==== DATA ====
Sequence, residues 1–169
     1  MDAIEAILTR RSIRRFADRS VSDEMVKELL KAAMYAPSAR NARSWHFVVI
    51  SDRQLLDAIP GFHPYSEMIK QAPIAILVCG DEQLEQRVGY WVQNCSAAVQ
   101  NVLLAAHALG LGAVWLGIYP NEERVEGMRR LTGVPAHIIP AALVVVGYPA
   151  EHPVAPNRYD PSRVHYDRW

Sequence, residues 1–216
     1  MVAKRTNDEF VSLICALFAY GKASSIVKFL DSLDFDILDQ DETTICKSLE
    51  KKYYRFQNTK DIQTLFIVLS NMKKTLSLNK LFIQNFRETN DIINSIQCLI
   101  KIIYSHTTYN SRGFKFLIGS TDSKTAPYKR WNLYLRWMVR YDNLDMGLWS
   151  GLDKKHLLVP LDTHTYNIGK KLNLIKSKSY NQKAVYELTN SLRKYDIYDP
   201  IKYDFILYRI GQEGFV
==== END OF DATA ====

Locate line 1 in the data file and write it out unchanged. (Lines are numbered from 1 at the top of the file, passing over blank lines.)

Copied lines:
Sequence, residues 1–169